On Saturday, Libya’s Minister of Finance and Planning of the Government of National Stability (GNS), headed by Prime Minister Fathi Bashagha accused the National Oil Corporation (NOC) of political interference following the latter’s decision to transfer at least six billion United States (US) dollars to the Central Bank of Libya (CBL).
In a statement, Osama Hammad indicated that Libya’s NOC’s move is illegal as it violates regulations made by the House of Representatives (HoR), regarding the national budget. It also held the NOC accountable for any repercussions of this decision.
It went on to say that the state-owned oil company “should have distanced itself from Libya’s political conflicts or making gains for any political party.”
Prior to the United Nations (UN)-backed political agreement in 2020, which paved the way for Al-Dbaiba’s rise to power, the NOC and CBL were at odds over the bank’s accusation of data misrepresentation against the oil company.
The dispute prompted the NOC to deposit oil revenues at the company’s bank accounts at the Libyan Foreign Bank as a “temporary procedure until a comprehensive political settlement is reached of which the most important outcomes shall be the fair use of the revenues among all Libyan cities and towns,” according to a statement by the NOC in November 2020.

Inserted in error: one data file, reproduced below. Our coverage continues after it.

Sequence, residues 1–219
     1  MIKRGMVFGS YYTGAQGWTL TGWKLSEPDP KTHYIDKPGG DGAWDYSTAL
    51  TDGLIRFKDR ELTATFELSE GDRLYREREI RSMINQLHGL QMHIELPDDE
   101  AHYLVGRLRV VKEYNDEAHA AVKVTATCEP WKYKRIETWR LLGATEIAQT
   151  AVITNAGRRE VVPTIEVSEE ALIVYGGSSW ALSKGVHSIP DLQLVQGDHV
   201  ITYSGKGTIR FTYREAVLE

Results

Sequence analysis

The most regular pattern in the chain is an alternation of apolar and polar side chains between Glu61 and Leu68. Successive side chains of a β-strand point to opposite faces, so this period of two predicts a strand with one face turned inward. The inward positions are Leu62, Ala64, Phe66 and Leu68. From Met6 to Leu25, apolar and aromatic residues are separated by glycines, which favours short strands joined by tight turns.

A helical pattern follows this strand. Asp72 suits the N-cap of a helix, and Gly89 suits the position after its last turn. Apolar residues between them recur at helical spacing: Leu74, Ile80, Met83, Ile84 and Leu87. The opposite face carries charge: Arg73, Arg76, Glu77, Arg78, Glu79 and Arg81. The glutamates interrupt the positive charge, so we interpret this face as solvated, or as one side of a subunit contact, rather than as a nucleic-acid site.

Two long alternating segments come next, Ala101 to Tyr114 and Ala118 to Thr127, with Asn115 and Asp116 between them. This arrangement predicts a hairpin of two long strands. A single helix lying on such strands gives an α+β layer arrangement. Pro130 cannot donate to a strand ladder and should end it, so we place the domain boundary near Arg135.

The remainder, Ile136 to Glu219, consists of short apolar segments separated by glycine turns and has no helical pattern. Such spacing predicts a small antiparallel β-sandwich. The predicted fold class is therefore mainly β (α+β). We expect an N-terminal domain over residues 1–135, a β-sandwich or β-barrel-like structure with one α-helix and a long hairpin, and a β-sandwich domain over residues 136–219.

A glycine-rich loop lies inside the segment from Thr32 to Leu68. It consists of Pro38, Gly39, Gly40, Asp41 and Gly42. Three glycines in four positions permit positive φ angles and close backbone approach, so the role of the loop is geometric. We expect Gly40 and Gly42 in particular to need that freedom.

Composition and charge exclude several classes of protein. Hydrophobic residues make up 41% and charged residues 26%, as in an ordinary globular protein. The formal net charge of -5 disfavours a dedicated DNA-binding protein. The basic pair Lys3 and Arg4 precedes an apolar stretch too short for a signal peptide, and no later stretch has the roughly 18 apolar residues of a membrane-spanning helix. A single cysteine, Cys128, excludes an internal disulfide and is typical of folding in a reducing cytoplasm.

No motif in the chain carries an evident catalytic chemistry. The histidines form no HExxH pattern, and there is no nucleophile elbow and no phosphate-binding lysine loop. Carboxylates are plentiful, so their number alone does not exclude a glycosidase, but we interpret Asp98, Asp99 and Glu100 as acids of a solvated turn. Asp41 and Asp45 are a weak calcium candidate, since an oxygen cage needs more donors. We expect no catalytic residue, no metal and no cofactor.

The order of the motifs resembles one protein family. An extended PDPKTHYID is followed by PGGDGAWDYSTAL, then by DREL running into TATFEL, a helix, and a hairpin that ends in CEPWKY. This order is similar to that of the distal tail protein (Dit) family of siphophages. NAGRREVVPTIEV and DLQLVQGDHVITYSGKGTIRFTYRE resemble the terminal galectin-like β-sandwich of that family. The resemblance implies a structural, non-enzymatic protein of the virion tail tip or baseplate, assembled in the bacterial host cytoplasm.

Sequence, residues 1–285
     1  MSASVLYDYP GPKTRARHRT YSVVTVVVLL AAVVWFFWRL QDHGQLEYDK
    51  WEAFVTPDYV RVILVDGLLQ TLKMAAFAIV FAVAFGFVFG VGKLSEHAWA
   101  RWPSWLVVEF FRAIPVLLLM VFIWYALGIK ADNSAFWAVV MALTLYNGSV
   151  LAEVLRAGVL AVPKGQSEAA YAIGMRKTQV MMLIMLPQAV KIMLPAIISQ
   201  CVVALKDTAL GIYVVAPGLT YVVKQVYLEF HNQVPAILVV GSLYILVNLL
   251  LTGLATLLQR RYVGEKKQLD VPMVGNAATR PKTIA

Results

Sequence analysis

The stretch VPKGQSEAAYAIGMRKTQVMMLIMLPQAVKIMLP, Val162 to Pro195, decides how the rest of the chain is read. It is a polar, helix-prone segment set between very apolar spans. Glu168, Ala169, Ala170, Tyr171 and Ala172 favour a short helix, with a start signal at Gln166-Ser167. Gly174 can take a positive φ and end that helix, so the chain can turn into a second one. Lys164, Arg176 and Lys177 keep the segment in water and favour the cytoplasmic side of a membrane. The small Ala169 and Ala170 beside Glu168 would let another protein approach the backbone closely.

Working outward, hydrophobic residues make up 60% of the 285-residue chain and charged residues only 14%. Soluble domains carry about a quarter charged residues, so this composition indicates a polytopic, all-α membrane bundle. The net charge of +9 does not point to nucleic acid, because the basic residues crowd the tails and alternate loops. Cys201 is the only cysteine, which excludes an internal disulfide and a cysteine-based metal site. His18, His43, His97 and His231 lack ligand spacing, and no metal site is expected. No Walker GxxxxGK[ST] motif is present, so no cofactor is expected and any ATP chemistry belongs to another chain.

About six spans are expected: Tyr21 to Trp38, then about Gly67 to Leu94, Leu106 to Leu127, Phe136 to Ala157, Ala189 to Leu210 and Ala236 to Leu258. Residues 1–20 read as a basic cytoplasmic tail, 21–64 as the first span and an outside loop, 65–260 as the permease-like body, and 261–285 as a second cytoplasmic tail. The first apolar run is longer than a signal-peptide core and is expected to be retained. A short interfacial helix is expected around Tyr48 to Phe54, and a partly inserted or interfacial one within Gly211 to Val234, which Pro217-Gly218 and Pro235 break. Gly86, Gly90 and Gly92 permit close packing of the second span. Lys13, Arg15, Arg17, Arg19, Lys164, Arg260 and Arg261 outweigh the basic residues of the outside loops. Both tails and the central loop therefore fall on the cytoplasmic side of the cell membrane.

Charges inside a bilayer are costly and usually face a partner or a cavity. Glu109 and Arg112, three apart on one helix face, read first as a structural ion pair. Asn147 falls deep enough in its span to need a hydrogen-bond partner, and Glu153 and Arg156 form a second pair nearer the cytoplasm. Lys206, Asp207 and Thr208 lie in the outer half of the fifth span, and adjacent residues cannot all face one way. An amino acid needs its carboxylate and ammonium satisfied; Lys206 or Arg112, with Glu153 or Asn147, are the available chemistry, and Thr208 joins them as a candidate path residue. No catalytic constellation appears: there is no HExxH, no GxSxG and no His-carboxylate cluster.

However, following the formation of Libya’s unity government led by Al-Dbaiba in March 2021, the NOC announced an end to this arrangement.
Last Thursday, the state media affiliated with the outgoing Government of National Unity (GNU) announced that the NOC will deposit the amount in two installments to the Ministry of Finance’s bank account at the CBL.
The move came one day after the GNU had launched a plan to develop the oil and gas sector, in a celebratory event in Tripoli in the presence of Prime Minister Abdelhamid Al-Dbaiba.
Meanwhile, the Minister of State for Cabinet Affairs, Adel Juma, announced the adoption of emergency financial arrangements for the NOC in 2022 worth 37.640.145 Libyan dinars.
The announced plan aims to increase oil production to over 1.4 million barrels per day by the end of 2022. According to Juma, the money is going to be covered by the oil revenues that are expected to be collected during the 2022 fiscal year.